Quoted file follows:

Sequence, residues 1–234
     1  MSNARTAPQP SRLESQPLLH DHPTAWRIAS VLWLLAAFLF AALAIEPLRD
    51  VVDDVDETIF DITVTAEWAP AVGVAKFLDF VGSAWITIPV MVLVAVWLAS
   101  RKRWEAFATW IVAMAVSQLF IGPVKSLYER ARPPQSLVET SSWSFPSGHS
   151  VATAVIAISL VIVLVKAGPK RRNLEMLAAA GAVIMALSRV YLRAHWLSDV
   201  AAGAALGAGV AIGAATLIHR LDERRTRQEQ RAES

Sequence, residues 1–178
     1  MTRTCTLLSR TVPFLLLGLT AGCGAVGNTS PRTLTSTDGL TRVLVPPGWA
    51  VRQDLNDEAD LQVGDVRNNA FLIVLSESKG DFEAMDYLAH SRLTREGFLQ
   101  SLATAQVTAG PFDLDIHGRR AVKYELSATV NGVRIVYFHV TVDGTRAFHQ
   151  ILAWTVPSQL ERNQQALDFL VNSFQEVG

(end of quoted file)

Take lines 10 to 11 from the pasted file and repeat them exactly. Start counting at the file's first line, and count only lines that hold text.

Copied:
   101  SLATAQVTAG PFDLDIHGRR AVKYELSATV NGVRIVYFHV TVDGTRAFHQ
   151  ILAWTVPSQL ERNQQALDFL VNSFQEVG